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Interview with Living with Jackie Chan author Jo Knowles + Giveaway (US/Canada)
Living with Jackie Chan
About the Book
About the Author
Jo Knowles is the author of the young adult novels Lessons from a Dead Girl, Jumping Off Swings, Pearl, and See You At Harry's. She has a master's degree in children's literature. Some of her awards include the PEN New England Children's Book Discovery Award, YALSA's Best Fiction for Young Adults, YALSA Quick Picks Top Ten, YALSA's Popular Paperbacks, International Reading Associations Young Adult Choices List, Tayshas List, and Bank Street College's Best Books for Children (Outstanding Merit). Jo lives in Vermont with her husband and son.
An Interview with Jo Knowles
What compelled you to follow up JUMPING OFF SWINGS with Josh’s story?
I kept getting letters from readers asking me if Josh was going to be OK. The more I was asked, the more I began to have this unsettled feeling, like I hadn't gone far enough with Josh's journey. Pretty soon, the wondering what might happen began to form into a story. I could see Josh arriving at his uncle's place, scared and ashamed and still wanting to escape, and I thought, I can't leave him like that! So, I began to write what happened next.
Josh has such a solid voice. His confusion, self-loathing, and desperation to move on really come through. This is a very impressive feat seeing as how biologically you could never be in Josh’s shoes. How did you create and develop Josh as a character, and how did you find ways to relate to his experiences?
The way I get close to characters is by putting myself in their shoes. I try to see the world through their eyes, and imagine how they would navigate the waters. I think to be a writer you must have great empathy, and be able to let go of your biases and assumptions and try to understand why people may have done something, rather than judge them for it. One of my favorite things about writing fiction is exploring what might have led a person to go down a rocky road, and then help him or her find the way back to a better one.
Arguably, Josh would not have been able to make it through this difficult time in his life without Uncle Larry’s emotional support. Did anyone serve as the inspiration for Uncle Larry, and do you have your own version of Uncle Larry in your own life?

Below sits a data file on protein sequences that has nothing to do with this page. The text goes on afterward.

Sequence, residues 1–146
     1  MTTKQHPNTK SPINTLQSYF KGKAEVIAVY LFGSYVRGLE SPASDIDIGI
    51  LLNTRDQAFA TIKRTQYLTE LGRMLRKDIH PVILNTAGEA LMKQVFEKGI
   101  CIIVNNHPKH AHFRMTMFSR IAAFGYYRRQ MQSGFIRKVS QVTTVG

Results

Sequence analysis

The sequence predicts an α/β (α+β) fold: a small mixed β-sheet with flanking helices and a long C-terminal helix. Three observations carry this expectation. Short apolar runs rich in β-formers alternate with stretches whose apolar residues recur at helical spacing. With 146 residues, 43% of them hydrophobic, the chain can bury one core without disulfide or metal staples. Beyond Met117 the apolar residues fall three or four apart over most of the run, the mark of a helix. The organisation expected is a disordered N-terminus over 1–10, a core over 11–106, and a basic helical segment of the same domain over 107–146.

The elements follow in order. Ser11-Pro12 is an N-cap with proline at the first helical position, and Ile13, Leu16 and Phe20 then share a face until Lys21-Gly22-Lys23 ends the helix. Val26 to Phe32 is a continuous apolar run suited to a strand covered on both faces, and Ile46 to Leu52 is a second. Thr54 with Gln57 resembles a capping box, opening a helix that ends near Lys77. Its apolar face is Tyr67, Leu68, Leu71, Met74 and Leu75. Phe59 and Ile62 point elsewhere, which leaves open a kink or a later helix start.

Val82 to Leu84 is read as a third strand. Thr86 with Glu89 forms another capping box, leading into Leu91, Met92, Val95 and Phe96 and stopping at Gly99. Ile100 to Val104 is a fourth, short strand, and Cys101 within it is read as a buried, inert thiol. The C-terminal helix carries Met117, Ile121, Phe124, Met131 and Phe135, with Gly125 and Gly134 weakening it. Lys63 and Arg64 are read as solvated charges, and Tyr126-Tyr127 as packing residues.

The spark for Uncle Larry came when I went to see my husband and son test for their first belts in karate. One of their instructors was so full of positive energy and enthusiasm. He simply bounced. When I first pictured Larry, that's who I had in mind. But of course as I began to write the story, Larry became, well, Larry. I don't know anyone like him but I sure wish I did. I think we could all use someone like Larry in our lives.
Why did you choose karate as the vehicle to deliver life lessons to Josh?
Whenever I go see my husband and son test for belts, the students always recite, "What is a True Karate Man?" The words resonate so strongly with me, and I thought they would for Josh, too.
Do you have any past experiences practicing karate yourself?
No, but my husband and son recently earned their black belts together, and now teach karate at our local rec center twice a week.
Did you have any admiration of Jackie Chan before you wrote this book, or did your interaction with the kung fu master come about because of the book?
I've always thought Jackie Chan is such a cool guy, and a great role model. When he did the re-make of The Karate Kid, I was just toying with the idea of writing the book and I thought how perfect he would be for someone like Larry to idolize. It all came together at the same time. The more I learned about him—his personality, his many talents, and his kind heart--the more I knew he was the perfect person Larry would idolize.
Will we ever get to read what happens between Stella and Josh?! If not, how do you see their relationship developing?
I've learned to never say never (I never thought I'd write a companion novel to Jumping Off Swings!), but I feel as though this time, I left Josh at a place where we can all feel fairly confident that he's going to be fine, with or without Stella. It's funny, but once I get to that place with my characters, I really do let go. So, does he end up in a serious relationship with Stella? I don't know. I think I'll let readers imagine what happens next for themselves, and whatever that is, it's theirs to be true.